Gratitude, Learning, and Blessings

As we head into this week of giving thanks here in the States,  I’m noticing a growing appreciation by many people for what we have. We express our thanks and appreciation  in different ways, and  that’s what this post is about. I’d love to hear your ideas, here, on my Facebook page, LinkedIn or Twitter. Answer this post directly or simply start your own way of asking people to pause, reflect and appreciate. 

In my household, thanks to our friends, the Booths, we have a new tradition. Around the Thanksgiving dinner table, each person says, out loud, what they are thankful  for. Most surprising answer last year ? My twin nephews, eight year olds, who thanked all the people in the services for their efforts.

A Thanksgiving event on Facebook asks us to post what we are thankful for. I imagine this will catch on quickly, which is wonderful. Pause and reflect – the best way to really notice and decide  on what is most important.

At a recent class I co-teach about moving onto your next chapter, one participant shared that she writes down what she learns each day. Pause, reflect, and notice.

My colleague, Melissa Mannon, writes about her family tradition which is a tree of thanks.”

Melissa writes: “I started a tradition four years ago of drawing a tree and posting thankful leaves on it throughout the month of November. My intention is to instill a sense of gratitude in my daughter and to promote a family tradition that she will remember for the rest of her life. The tree also allows us to look back at changes and growth in our lives.”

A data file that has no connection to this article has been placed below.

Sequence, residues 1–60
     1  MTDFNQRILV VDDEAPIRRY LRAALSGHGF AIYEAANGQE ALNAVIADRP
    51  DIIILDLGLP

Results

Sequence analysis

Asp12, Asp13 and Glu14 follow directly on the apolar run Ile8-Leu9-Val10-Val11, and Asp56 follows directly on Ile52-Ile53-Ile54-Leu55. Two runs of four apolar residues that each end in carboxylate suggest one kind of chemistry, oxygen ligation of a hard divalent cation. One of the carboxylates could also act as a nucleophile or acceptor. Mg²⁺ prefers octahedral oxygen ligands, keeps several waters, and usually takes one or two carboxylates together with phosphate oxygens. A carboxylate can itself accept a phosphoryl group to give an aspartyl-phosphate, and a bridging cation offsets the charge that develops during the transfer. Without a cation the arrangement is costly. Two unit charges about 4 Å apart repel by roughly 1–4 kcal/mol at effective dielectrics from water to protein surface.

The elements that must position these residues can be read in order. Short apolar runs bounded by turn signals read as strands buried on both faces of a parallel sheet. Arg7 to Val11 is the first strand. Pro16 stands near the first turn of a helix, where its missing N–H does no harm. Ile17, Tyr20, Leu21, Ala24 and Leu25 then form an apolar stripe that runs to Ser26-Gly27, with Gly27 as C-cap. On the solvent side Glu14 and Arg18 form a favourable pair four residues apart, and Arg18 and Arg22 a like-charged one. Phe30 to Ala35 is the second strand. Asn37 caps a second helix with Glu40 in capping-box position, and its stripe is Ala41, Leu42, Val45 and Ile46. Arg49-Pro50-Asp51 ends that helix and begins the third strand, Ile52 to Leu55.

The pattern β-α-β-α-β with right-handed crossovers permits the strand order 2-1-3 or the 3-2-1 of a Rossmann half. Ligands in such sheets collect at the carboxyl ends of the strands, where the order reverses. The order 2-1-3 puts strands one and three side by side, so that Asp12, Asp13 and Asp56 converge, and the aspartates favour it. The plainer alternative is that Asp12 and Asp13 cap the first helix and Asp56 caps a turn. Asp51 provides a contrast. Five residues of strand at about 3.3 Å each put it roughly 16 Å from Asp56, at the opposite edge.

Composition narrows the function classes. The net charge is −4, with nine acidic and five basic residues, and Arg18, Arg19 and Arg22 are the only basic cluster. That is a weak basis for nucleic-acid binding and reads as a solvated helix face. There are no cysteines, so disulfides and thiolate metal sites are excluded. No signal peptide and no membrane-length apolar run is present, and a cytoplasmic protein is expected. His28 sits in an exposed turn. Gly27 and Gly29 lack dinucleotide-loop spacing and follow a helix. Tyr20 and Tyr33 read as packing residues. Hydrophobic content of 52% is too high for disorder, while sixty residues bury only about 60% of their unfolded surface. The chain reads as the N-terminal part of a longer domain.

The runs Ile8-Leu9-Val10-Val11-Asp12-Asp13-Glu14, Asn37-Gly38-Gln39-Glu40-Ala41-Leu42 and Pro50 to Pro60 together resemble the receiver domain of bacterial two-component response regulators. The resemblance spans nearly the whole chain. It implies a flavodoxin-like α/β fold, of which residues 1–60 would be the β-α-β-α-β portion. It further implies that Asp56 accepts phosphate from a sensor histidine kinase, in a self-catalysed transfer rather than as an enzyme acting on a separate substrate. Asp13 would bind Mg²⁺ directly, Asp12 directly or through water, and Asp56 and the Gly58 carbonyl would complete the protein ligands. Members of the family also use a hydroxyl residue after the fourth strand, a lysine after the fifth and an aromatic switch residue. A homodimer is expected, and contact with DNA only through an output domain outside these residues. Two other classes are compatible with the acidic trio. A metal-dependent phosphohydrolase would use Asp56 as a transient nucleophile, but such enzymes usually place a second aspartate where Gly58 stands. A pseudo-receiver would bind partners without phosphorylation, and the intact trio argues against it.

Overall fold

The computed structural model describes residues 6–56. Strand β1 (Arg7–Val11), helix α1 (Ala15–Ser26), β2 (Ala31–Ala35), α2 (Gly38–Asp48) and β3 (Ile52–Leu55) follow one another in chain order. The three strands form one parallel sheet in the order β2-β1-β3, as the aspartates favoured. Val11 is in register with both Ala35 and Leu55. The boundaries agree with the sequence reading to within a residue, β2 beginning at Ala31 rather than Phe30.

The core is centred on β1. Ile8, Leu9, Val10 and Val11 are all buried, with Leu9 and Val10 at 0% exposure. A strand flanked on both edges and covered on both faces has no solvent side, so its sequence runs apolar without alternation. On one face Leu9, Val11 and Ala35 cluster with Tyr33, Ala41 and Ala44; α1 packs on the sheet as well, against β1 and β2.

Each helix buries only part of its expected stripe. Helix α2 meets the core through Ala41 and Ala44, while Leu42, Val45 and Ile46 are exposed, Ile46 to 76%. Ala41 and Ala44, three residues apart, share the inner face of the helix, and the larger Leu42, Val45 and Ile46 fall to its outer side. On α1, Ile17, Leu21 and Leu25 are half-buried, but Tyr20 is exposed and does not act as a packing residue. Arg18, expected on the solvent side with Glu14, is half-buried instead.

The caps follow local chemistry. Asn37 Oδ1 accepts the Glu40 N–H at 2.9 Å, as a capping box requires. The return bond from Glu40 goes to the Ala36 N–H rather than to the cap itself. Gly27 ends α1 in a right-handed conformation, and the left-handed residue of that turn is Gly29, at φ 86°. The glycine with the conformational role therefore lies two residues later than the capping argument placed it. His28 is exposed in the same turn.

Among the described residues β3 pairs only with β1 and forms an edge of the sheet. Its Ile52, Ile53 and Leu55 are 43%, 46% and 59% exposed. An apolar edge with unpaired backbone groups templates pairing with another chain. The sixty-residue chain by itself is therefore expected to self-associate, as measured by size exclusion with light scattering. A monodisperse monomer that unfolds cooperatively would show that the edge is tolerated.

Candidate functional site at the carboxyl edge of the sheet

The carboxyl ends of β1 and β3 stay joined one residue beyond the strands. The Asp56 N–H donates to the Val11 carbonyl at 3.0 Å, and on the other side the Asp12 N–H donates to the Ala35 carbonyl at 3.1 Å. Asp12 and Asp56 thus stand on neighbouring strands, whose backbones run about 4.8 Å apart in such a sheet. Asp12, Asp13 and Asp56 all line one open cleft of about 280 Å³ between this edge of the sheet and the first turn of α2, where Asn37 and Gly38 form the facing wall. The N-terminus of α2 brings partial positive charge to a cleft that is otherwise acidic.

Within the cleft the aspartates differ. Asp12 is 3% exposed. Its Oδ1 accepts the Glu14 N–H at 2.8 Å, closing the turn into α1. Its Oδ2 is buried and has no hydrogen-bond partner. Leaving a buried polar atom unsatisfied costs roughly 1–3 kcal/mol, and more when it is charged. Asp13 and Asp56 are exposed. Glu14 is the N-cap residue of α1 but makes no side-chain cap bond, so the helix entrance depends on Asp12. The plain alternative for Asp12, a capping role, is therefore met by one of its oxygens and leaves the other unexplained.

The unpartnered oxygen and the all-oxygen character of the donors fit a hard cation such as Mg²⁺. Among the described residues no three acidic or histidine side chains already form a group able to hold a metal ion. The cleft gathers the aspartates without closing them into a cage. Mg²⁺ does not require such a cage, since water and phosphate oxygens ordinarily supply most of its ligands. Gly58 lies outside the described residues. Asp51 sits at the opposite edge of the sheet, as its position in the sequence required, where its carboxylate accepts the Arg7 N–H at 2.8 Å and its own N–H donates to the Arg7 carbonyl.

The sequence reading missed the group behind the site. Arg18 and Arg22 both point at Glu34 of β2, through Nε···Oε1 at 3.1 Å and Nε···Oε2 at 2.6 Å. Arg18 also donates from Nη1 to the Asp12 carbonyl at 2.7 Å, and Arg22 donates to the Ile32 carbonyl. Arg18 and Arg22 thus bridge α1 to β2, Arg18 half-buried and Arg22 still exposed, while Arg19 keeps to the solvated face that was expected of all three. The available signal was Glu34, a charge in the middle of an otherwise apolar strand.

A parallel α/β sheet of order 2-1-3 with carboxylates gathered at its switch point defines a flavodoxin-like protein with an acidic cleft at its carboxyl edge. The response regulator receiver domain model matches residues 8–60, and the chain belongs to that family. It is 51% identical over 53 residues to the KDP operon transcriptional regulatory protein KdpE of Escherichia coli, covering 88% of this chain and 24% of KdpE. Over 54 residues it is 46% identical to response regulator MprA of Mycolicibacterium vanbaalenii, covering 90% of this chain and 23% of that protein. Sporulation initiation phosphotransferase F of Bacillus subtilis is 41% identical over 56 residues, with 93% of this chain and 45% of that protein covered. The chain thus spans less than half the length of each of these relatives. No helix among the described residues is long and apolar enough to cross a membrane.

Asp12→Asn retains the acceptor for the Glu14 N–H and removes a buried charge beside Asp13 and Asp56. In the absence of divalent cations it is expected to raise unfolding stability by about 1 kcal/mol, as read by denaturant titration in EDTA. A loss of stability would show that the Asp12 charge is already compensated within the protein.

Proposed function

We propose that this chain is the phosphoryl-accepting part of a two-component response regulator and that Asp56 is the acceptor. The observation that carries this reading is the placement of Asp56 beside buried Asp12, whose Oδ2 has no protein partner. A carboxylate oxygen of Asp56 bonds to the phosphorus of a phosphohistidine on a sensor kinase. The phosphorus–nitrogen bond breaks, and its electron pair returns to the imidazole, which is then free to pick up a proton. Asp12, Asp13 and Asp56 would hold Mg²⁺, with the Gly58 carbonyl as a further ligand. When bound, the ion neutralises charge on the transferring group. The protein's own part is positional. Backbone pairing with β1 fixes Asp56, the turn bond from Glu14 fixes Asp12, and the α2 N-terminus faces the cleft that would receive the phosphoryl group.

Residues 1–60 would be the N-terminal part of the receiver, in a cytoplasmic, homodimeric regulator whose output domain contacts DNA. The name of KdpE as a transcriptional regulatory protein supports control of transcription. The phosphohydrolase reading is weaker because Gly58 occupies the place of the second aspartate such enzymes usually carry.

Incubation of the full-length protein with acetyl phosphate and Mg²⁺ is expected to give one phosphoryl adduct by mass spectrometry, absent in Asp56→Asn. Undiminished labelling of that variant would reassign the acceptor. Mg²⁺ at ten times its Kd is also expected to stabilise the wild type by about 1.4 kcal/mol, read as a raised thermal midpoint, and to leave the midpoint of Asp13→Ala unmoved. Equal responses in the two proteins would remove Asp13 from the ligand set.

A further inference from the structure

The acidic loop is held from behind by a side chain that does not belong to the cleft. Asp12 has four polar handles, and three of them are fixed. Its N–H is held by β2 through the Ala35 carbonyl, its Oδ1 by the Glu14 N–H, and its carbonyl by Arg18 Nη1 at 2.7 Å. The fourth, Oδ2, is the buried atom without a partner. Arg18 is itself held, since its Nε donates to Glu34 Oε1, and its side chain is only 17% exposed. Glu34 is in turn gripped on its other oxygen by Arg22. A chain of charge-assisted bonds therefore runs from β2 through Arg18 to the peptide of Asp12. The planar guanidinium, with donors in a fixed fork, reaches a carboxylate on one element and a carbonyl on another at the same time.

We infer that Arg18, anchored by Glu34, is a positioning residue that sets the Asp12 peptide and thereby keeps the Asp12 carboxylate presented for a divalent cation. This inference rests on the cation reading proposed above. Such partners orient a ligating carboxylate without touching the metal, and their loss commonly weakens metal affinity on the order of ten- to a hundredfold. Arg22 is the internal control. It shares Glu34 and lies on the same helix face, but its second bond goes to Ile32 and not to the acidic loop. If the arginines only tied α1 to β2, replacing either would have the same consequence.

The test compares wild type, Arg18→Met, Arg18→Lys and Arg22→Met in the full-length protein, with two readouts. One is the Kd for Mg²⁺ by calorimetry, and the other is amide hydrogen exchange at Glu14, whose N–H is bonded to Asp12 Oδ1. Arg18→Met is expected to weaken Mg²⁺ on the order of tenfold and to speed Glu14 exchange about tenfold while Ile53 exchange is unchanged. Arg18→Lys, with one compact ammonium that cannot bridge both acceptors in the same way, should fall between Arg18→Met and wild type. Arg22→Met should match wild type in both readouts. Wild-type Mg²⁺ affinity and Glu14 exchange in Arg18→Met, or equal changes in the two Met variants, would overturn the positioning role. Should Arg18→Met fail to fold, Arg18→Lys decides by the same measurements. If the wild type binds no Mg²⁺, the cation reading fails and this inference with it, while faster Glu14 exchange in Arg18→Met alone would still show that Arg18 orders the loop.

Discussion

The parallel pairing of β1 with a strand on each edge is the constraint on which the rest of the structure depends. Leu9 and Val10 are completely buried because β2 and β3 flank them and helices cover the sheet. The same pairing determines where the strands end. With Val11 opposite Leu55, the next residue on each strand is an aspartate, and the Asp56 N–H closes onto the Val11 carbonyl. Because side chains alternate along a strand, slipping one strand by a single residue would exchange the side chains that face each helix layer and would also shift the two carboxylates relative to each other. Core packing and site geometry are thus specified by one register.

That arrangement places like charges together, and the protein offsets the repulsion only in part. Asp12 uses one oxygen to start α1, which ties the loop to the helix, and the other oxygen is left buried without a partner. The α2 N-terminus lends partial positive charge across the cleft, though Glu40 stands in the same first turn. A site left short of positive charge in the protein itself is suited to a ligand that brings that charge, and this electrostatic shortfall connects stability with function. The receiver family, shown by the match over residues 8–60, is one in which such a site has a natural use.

Some people write in Gratitude journals at the end of the day.  A favorite author, Sarah Ban Breathnach, whom I discovered as I went through lots of life changes at once, writes about them here.

 

How about a Hershey’s Kiss for your blessings? If you’re creative, try making this blessings board.

And, of  course, there IS an app for that (iPad, iPhone gratitude journal!). Read about one here.

How would you like to say thanks, count  your blessings, or keep track of what you’re grateful for?

To get started, it doesn’t have to be a big undertaking. Start  simple. Find a time of day that makes sense to your schedule and a quiet time when  you can focus. People who acknowledge what’s good and happy in their lives are happier and healthy. Start small but do give it a try.

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